Magazine article Curriculum Administrator

Connecting with Authors Online

Magazine article Curriculum Administrator

Connecting with Authors Online

Article excerpt

The Internet can allow teachers and their classes to interact with some of their favorite authors

Many of my favorite experiences as an educator involve sharing books with students: reading to classes, working with groups in libraries, bringing classes to book fairs, and recommending books to individuals. But nothing in that realm compared with those occasions when real-live authors visited classrooms, or appeared at special school events. Giving students opportunities to connect directly with writers was always beneficial, often inspirational, and usually forged unique links with books and writing.

I will always value having heard Truman Capote, Jean Craighead George, Studs Terkel, Alvin Toffler and others talk about their books, and treasure the meals I shared with authors such as the science writers Vincent Marteka and Seymour Simon. Similarly, I will never forget how thrilling it was when a writer stayed at my home and read selections from his next book for my "reader's opinion." In the same way, I loved taking field trips to the homes of authors--such as Mark Twain and Harriet Beecher Stowe--to see how each lived and wish that being in those environments might inspire my own writing.

ONLINE ACCESS

The Internet and Web now make direct contacts with authors and their work available to students and educators everywhere. These range from complete online books to excerpts from soon-to-be-published works, with biographies, interviews, guides, book reviews, publishing calendars, story-mapping ideas, book awards and learning activities. For example, Seymour Simon now has his own site, www.seymoursimon.com, as does Judy Blume, www.judyblume.com, and Eric Carle, www.eric-carle.com. Many authors also offer opportunities for contact through mail and e-mail, and some are willing to work with classes and even arrange school visits. In this regard, I recently enjoyed exchanging online messages with Scott Adams, the artist and writer behind the Dilbert comic strip and books.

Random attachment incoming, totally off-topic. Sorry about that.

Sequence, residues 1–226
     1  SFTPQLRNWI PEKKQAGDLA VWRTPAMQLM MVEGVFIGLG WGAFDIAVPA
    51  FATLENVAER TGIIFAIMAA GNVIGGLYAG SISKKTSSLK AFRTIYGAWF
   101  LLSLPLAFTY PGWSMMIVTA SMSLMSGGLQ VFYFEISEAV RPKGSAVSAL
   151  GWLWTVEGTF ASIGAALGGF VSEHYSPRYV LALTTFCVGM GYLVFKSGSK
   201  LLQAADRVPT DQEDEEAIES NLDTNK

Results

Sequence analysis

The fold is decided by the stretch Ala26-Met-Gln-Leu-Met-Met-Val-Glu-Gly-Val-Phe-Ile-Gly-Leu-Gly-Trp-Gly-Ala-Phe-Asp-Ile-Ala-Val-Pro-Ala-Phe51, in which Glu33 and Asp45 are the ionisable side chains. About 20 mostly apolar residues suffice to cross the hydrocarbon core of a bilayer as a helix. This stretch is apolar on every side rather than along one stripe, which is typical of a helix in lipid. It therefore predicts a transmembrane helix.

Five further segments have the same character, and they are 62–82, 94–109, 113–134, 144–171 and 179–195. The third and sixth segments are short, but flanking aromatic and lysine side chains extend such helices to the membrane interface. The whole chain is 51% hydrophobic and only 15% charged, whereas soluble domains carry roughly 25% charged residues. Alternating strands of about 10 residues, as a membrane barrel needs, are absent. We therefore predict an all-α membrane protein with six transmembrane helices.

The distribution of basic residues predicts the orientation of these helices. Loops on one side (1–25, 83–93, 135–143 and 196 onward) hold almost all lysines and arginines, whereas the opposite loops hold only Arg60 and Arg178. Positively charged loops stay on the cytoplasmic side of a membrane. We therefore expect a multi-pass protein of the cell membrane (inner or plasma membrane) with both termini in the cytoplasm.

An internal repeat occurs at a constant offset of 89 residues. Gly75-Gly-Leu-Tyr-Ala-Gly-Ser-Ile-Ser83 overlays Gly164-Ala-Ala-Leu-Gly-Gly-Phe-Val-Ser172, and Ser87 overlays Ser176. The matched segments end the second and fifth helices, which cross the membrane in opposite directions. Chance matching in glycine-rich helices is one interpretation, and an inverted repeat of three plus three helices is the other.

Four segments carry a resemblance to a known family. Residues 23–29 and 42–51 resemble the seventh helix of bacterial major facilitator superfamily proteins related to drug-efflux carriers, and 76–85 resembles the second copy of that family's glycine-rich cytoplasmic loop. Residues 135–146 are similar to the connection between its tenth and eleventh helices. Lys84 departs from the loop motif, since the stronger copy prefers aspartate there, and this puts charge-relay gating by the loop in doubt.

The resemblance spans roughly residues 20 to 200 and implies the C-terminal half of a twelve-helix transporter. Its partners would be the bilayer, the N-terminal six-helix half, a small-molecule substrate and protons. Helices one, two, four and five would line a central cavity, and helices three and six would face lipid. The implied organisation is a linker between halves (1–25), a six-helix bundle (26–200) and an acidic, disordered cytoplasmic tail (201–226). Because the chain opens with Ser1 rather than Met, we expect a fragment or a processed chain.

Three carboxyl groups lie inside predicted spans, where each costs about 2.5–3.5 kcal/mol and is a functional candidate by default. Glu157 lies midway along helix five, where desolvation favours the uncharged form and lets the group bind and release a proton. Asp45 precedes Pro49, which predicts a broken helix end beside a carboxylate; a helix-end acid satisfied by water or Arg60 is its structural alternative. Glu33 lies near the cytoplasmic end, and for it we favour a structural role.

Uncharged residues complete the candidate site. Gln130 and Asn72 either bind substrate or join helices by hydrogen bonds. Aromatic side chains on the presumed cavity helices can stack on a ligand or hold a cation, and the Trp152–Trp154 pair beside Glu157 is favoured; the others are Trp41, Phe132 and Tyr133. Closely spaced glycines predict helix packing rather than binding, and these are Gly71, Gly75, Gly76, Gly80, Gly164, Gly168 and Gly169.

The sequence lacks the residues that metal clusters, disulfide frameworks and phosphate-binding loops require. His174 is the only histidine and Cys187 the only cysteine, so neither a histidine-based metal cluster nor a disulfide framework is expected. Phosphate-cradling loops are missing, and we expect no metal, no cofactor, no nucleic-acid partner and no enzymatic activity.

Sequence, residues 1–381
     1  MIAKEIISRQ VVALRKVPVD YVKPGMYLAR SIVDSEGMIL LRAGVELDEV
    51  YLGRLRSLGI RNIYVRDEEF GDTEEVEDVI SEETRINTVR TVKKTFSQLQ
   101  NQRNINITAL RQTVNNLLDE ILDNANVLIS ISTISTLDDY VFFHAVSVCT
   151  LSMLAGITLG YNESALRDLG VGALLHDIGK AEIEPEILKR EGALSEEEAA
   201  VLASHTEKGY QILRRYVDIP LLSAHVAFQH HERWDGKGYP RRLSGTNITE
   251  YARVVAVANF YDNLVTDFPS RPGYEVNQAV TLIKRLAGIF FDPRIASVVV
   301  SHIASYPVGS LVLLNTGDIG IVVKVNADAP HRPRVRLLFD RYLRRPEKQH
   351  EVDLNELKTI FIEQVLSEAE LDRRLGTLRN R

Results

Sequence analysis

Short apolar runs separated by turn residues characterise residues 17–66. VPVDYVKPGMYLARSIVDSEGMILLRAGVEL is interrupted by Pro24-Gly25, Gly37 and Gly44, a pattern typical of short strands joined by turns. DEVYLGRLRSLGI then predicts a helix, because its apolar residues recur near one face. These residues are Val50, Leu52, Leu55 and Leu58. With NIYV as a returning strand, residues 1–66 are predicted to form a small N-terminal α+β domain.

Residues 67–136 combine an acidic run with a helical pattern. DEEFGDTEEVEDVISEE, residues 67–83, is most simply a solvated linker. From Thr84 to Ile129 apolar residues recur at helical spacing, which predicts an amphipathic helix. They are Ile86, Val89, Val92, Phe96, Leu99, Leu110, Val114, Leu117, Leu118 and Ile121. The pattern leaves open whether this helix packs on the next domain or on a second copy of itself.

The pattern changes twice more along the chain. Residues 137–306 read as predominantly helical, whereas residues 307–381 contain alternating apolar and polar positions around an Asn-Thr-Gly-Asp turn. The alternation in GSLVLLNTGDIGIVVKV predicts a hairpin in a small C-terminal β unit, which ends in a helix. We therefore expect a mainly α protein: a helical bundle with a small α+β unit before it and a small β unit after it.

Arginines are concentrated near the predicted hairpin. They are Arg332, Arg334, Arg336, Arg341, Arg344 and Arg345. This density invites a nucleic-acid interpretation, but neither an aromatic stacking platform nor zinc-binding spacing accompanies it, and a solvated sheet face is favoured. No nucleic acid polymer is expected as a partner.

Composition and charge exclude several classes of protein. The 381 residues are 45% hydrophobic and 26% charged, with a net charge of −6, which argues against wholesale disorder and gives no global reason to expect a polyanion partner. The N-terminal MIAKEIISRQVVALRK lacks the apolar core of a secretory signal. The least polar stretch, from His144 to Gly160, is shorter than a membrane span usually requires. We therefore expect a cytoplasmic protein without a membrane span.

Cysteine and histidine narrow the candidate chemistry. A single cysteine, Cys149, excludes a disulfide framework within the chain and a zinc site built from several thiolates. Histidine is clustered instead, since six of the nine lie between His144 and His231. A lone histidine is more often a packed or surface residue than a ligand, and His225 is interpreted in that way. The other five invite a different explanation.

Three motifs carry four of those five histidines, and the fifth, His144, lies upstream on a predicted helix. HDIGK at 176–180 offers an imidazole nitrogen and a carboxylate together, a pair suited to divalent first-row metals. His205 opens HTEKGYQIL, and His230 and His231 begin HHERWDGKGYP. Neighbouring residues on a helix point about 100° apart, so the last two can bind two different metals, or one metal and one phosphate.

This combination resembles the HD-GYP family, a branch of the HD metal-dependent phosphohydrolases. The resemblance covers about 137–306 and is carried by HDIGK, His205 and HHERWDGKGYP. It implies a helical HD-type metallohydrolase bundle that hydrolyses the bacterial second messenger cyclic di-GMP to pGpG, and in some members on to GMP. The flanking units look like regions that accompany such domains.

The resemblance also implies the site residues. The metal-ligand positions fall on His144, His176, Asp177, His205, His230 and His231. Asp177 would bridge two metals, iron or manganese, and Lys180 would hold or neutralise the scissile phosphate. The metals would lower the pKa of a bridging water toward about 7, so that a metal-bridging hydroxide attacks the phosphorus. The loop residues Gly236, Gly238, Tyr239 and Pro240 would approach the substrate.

THE NORTH STAR CURRICULUM

One outstanding example of how communicating with an author through the Internet can transform the curriculum, took place at the Hoxie School in Bourne, Mass. Inspired by the children's book The North Star, third grade teacher Sue Pandiani and her students contacted the author and artist Peter Reynolds, www. …

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